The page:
Tribune. The Stora report chose to do “ a detour through Asia “. Relying on the limited scope of the Japanese apology to China and Korea, he dismisses the option of acts of ” repentance Similar towards Algeria. First, let’s salute the choice to make this Asian crochet. The report also mentions other places where memorial struggles take place – from South Africa to Chile – and such a comprehensive approach can only be applauded.
Mr. Stora paints a generally accurate picture of the situation in Asia. Japan is indeed “Also affected by a series of conflicts around memory issues”. The report thus evokes the Sino-Japanese and Japanese-Korean disputes, focusing in particular on the question of “comfort women” (those sex slaves in the service of the Imperial Japanese Army), or that of the visits of politicians to the Yasukuni shrine (where war criminals are worshiped). The report does not go so far as to address the question of the similarity of Franco-Algerian and Japanese-Korean colonial experiences. However, there is a key to better understand the relevance of the issue of Japanese apologies.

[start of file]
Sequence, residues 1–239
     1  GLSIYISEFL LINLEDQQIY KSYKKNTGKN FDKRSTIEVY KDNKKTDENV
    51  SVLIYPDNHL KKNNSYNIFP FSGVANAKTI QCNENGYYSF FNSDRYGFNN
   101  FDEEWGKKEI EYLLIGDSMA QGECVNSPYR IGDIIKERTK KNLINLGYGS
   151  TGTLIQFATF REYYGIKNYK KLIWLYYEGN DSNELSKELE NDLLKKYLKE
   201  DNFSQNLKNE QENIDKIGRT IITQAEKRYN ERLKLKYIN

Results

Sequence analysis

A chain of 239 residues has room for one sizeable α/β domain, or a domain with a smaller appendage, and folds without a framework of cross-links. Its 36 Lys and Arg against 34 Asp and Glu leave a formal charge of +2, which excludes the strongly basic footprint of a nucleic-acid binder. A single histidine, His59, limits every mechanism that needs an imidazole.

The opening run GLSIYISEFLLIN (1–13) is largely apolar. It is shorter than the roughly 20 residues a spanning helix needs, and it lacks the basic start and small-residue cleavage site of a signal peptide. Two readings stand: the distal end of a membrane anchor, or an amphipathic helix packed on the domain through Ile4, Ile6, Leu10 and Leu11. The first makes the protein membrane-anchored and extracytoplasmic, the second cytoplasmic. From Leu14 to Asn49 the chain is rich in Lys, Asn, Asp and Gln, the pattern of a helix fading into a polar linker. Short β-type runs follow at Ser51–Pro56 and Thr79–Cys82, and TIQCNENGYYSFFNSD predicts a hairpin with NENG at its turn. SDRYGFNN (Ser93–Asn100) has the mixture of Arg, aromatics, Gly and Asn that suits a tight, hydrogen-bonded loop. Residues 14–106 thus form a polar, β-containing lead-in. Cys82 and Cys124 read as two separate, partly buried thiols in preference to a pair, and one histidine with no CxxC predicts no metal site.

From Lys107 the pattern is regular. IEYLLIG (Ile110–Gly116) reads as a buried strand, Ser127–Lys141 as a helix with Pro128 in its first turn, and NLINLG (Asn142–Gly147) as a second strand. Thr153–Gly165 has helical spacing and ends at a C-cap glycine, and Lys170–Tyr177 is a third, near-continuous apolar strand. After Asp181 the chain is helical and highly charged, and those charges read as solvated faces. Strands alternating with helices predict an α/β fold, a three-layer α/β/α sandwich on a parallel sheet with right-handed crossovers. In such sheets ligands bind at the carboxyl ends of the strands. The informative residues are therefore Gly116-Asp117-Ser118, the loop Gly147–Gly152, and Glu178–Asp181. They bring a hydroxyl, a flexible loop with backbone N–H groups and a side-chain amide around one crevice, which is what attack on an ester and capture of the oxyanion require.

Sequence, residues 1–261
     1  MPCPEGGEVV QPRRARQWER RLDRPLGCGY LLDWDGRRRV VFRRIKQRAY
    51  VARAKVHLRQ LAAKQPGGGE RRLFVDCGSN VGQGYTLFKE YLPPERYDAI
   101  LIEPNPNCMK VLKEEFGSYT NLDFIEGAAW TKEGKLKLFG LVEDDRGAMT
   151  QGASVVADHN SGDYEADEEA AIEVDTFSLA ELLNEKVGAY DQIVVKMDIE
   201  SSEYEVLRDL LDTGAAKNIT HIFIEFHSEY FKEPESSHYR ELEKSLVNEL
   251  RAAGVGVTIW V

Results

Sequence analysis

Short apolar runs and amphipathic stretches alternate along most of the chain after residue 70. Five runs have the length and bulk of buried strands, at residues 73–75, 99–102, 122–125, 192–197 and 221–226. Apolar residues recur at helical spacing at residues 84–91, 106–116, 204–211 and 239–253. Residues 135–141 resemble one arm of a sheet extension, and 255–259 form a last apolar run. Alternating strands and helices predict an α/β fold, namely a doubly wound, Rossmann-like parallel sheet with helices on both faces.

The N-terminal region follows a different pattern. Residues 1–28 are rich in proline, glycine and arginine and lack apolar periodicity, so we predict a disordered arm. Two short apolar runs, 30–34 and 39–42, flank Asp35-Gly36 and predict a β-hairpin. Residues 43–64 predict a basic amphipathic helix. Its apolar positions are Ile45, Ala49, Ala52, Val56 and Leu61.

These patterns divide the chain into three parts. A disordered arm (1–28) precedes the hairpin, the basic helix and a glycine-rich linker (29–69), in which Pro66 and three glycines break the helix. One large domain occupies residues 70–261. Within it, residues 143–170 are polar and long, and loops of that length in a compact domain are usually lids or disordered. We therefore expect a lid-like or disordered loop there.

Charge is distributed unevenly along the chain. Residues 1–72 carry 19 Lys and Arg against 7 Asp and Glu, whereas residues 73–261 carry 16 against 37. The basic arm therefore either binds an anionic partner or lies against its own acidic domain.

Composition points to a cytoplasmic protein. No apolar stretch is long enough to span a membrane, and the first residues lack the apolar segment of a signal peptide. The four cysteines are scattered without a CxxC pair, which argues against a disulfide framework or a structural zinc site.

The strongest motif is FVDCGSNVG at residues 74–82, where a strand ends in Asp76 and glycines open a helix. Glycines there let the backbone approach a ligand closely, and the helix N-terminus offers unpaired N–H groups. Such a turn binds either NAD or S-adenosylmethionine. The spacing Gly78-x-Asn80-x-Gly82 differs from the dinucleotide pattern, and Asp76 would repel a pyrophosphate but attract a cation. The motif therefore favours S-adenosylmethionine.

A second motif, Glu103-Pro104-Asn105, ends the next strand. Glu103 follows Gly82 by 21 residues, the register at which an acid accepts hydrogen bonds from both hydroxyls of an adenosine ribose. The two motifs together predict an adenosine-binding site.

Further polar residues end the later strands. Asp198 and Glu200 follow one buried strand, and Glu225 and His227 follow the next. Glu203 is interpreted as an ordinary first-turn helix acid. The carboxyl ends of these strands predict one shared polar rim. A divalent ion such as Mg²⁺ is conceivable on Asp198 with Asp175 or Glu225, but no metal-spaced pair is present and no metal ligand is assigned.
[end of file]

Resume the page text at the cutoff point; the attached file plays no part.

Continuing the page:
French Algeria (1830-1962) and Japanese Korea (1910-1945) are much more than simple colonies. The same way as “Algeria is France” (François Mitterrand in 1954), Korea is Japan! Algeria was defined as the extension of France across the Mediterranean, and Korea as the extension of Japan across the Tsushima Strait. In both cases, the populations were closely interwoven, with French settlers in Algeria and Japanese settlers in Korea, and the presence of populations of colonial origin in metropolitan France.
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The ideas behind colonization are also broadly similar. Like France in Algeria, Japan sees itself as the bearer of a civilizing mission with regard to Korea. And the two colonies are destined, in the long term, to be assimilated within the metropolis.
In Korea, this desire for integration resulted, from the mid-1930s, in an attempt to systematically eradicate local culture. Abolition of the Korean language, forced adoption of Japanese names, an obligation to worship the emperor and visit Shinto shrines – measures that will leave deep marks in Korean society.
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